• Try to eat as many different plants as you can. Try for 30 different plants a week. I know this sounds like a lot, but remember that adding some chopped up parsley to a sauce counts as 1 plant. If we sneak lots of little things like this into our diets, we can get to 30 quickly.
  • Try to eat more of the actual plant. For example, don’t just eat the florets on broccoli – eat the stem, too. In many cases, the greatest nutrition in a plant is in its skin. Potatoes are a good example of this. Skins are high in complex carbohydrates, and are great for your gut microbes. They will slow down how fast you metabolize the starches and sugars in the rest of the potato. Remember, though, that skins from conventional produce can be loaded with pesticides – potatoes are notorious for this. So, if you aren’t eating organic produce, it may be best to toss the skin. At the very least, wash thoroughly (though this may not remove all contaminants).
  • Learn more about which vegetables and fruits contain the most nutrition (and the least) and try to pack your diet with the best ones. I recommend Jo Robinson’s book Eating on the Wild Side – she has done a tremendous amount of research on plant nutrition and also includes great advice about which varieties to grow or seek out at farmers markets, as well as storing and cooking foods to retain their nutrients.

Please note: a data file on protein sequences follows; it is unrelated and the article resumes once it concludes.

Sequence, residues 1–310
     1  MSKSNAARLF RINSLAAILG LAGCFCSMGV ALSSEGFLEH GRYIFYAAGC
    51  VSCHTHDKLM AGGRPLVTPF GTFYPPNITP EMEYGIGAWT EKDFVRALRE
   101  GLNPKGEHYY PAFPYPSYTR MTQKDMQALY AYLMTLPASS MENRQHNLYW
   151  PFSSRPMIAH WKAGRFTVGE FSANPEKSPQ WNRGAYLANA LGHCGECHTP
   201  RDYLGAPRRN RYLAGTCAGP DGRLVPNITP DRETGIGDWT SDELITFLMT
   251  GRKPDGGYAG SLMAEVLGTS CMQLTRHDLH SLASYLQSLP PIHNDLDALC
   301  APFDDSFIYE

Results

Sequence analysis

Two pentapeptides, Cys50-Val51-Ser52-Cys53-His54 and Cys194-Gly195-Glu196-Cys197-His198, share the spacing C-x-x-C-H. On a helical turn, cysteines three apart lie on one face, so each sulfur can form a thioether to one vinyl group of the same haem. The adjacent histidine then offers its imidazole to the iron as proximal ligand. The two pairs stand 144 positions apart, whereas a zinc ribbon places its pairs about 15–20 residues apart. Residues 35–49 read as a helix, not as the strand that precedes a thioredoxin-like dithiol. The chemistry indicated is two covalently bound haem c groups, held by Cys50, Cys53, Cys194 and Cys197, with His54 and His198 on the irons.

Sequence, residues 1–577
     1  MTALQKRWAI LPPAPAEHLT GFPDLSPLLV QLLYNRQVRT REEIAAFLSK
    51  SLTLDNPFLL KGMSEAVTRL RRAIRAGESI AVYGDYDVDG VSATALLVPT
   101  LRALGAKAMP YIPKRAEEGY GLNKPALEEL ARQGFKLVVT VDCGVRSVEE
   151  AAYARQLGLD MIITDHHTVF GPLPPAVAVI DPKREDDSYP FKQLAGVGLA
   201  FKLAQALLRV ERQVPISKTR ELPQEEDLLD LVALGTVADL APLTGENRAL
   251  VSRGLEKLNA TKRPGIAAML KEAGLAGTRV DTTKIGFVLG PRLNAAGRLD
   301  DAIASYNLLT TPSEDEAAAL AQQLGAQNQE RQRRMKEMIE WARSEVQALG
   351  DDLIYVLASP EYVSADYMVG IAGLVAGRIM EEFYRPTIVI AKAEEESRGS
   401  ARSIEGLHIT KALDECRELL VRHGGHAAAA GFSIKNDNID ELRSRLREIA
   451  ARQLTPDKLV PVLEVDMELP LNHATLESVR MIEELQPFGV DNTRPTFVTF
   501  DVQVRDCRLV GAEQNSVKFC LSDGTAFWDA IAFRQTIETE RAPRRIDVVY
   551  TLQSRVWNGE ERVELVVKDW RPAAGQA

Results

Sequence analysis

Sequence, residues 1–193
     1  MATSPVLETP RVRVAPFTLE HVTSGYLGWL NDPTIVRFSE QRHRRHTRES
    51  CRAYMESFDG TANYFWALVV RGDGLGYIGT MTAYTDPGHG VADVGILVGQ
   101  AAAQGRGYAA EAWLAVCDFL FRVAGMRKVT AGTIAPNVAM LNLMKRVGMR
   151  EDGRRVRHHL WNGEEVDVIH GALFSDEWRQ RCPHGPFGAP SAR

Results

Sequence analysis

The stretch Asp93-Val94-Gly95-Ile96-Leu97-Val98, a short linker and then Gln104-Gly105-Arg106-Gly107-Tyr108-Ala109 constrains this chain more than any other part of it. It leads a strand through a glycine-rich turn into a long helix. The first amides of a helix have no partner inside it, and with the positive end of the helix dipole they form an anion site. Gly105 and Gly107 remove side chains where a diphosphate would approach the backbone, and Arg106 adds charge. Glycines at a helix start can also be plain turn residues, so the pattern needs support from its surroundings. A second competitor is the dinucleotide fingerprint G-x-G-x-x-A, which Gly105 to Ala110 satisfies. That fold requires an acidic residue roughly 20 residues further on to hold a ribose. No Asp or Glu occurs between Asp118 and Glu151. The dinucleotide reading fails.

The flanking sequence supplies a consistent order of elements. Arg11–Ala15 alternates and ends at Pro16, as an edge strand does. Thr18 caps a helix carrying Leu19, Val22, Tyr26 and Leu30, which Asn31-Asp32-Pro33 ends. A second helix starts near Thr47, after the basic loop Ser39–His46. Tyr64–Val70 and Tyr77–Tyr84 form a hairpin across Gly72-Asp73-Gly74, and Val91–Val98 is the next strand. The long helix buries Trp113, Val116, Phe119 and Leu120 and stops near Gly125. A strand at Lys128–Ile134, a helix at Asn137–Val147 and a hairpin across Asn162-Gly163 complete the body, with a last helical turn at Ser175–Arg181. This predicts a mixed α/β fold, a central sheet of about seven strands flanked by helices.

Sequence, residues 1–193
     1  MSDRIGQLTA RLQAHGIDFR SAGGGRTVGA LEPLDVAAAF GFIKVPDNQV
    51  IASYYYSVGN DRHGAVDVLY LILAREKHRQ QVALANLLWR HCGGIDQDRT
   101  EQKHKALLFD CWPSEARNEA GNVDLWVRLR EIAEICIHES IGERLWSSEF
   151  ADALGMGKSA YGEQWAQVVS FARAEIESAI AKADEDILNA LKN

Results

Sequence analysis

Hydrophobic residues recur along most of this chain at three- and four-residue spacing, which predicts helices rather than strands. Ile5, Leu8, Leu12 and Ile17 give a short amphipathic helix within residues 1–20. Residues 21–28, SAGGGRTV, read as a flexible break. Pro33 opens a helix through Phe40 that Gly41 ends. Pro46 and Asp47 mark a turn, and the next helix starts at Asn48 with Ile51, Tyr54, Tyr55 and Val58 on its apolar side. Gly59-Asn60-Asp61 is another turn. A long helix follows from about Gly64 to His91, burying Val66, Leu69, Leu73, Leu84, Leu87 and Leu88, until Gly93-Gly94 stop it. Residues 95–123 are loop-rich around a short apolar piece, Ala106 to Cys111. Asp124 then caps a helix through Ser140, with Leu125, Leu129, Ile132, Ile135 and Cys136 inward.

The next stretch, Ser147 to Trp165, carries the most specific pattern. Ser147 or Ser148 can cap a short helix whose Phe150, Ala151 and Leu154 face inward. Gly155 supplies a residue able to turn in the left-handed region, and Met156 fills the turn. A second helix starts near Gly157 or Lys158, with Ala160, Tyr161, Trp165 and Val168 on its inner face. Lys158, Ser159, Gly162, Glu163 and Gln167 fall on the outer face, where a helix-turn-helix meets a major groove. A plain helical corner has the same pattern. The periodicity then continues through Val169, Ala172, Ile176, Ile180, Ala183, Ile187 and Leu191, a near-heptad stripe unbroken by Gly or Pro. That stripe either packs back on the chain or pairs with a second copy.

• Some foods have “probiotic” qualities – that is, they already contain bacteria that are good for our guts. Some examples are kimchee, sauerkraut, yogurt and kefir, though there are many more. Eat them – they’re good for you. And try making your own. I recommend Sandor Katz’s book Wild Fermentation to learn how.
  • Be aware that, unfortunately, some complex carbohydrates can cause gastric problems in some people. Such problems can be life-threatening, as in celiac disease, where an allergy to the gluten in wheat and some other grains can so degrade the lining of the digestive tract that microbes leak into the blood stream and make the individual extremely ill. For most of us though, such gastric problems amount to uncomfortable bloating, excess gas and, sometimes, constipation or diarrhea – the by-products of happy microbes madly fermenting the food you eat. If you already have such symptoms, or you begin to experience them after you begin eating more complex carbohydrates, talk to your doctor about trying a FODMAP elimination diet. FODMAP stands for Fermentable Oligo-, Di-, and Mono-saccharides And Polyols. I recommend the book IBS: Free at Last! by Patsy Catsos for an in-depth description of the diet.
  • Go do some research on the research. Here are some websites to start with: hmpdacc.org/ – a link for the NIH Human Microbiome Project.
  • humanfoodproject.com/ – home of the American Gut Project.
  • Avoid antibiotics when you can do so safely, because they can destroy many of your beneficial gut flora. Avoid conventionally raised meat, because many of these animals are fed antibiotics, and this practice may contribute to the development of antibiotic-resistant microbes.